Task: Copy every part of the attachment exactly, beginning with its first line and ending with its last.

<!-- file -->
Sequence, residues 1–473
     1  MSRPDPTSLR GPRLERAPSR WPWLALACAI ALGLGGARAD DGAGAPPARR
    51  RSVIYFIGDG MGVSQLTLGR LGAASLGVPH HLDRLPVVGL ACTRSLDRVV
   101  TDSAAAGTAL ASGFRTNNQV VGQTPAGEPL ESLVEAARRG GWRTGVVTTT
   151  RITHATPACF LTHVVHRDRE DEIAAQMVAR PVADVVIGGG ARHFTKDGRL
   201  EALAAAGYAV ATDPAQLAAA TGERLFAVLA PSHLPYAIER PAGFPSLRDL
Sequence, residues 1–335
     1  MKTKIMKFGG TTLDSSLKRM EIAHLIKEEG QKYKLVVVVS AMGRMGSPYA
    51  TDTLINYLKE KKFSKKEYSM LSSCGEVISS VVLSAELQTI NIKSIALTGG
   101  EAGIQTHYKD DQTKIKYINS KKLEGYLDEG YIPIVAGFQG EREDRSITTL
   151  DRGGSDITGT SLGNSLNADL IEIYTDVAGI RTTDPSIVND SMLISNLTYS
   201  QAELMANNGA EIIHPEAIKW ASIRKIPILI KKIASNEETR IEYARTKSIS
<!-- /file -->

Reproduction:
Sequence, residues 1–473
     1  MSRPDPTSLR GPRLERAPSR WPWLALACAI ALGLGGARAD DGAGAPPARR
    51  RSVIYFIGDG MGVSQLTLGR LGAASLGVPH HLDRLPVVGL ACTRSLDRVV
   101  TDSAAAGTAL ASGFRTNNQV VGQTPAGEPL ESLVEAARRG GWRTGVVTTT
   151  RITHATPACF LTHVVHRDRE DEIAAQMVAR PVADVVIGGG ARHFTKDGRL
   201  EALAAAGYAV ATDPAQLAAA TGERLFAVLA PSHLPYAIER PAGFPSLRDL
Sequence, residues 1–335
     1  MKTKIMKFGG TTLDSSLKRM EIAHLIKEEG QKYKLVVVVS AMGRMGSPYA
    51  TDTLINYLKE KKFSKKEYSM LSSCGEVISS VVLSAELQTI NIKSIALTGG
   101  EAGIQTHYKD DQTKIKYINS KKLEGYLDEG YIPIVAGFQG EREDRSITTL
   151  DRGGSDITGT SLGNSLNADL IEIYTDVAGI RTTDPSIVND SMLISNLTYS
   201  QAELMANNGA EIIHPEAIKW ASIRKIPILI KKIASNEETR IEYARTKSIS